Here is a photo of the 5-minute collage I did in her live workshop yesterday (it might have taken 6 or 7 minutes, shhh). I’m going to try to do a few more tonight. I’ve also been slapping some gesso on junk mail pages so that is the background underneath.

Art journaling. Well. I don’t know. A lot of my favorite pens are dried out so I ordered some more from Jet Pens today. Maybe that will motivate me to write more. I received my PVA glue from Amazon yesterday, so I’m good for a while with that. We have LOTS of other supplies.

Diego is recovering well. I can’t imagine the kind of pain he must have been in, and I regret that I waited as long as I did to get him scheduled for the dental appointment. He had terrible abscesses and rot. Six teeth removed and a bone graft. The surgery took twice as long as expected. It makes me wonder what Pablocito’s mouth is like.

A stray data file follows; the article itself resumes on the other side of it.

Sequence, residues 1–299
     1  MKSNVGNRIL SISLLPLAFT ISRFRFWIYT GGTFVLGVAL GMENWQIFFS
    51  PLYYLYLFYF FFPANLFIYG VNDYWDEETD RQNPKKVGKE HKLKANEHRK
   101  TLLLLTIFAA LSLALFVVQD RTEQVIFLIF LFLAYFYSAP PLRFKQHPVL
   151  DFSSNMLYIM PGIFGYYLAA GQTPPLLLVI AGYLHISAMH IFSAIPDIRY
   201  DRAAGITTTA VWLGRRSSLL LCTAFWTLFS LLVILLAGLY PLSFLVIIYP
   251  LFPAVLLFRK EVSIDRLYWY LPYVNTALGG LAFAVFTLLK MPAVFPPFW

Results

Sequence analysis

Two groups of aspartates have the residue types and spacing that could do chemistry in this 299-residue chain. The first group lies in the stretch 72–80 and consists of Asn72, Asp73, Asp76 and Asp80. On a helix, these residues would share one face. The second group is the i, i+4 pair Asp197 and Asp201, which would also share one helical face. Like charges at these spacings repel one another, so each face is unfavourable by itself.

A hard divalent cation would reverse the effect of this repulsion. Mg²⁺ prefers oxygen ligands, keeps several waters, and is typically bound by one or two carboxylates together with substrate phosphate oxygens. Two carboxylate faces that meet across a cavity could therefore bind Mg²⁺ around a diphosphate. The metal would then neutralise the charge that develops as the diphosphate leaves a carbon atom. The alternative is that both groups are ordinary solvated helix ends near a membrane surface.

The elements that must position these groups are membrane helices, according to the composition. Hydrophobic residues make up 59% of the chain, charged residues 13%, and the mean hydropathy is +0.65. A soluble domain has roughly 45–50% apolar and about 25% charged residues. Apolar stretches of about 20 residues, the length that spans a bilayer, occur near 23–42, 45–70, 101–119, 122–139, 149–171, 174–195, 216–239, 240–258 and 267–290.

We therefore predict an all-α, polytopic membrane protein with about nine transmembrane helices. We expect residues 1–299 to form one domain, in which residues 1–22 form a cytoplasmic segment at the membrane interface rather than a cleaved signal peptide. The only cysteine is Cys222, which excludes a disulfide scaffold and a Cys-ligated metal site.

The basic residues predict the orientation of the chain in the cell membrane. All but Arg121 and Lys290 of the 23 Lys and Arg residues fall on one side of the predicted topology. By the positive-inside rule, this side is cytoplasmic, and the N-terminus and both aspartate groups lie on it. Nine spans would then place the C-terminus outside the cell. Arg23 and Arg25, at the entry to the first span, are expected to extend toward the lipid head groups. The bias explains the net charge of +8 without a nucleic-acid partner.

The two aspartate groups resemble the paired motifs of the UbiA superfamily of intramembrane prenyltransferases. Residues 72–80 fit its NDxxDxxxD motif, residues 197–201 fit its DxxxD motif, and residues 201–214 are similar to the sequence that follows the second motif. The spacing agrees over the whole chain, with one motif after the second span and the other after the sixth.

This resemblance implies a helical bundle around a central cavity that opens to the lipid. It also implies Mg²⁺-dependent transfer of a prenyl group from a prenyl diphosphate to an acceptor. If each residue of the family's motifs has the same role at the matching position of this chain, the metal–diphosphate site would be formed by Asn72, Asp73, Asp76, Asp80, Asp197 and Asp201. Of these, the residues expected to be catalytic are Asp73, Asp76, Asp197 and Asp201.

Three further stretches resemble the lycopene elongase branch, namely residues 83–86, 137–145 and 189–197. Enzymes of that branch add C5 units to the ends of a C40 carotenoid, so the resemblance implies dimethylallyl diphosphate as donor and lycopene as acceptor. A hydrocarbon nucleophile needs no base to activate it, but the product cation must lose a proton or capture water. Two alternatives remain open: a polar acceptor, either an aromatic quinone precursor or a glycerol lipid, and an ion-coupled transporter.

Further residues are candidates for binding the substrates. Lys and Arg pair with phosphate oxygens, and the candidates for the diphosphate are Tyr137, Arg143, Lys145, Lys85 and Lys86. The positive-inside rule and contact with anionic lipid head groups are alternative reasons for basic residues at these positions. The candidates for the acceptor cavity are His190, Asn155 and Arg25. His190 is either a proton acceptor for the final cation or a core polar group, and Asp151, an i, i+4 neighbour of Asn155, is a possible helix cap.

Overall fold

I am giving him opioid pain injections three times a day and he got his final oral medication this morning. Fortunately they were able to give him a long lasting antibiotic injection the day of the surgery. I would have hated to struggle with him to get oral meds down a mouth full of sutures. Luckily he is eating just fine and not throwing it up. I have to get to the store to pick up more canned cat food. They hate the prescription canned cat food I ordered from Chewy. Of course they loved it until I ordered a whole case of it. I have tried to stretch it out by putting it under the sensitive stomach canned food I bought from PetSmart. They love that, and if I can get them going, they will continue to eat the food on the bottom.

Guilford County is on a stay-at-home order from tomorrow at 5 until April 15. It seems like you can go out to do anything that is necessary so it’s not an onerous restriction. We are trying to limit ourselves to our house and yard. I tried out the online shopping and curbside service that volunteers are doing at Deep Root Market on Tuesday. It works pretty well. Any glitches were because I was feeling frantic about Diego that day and couldn’t think straight.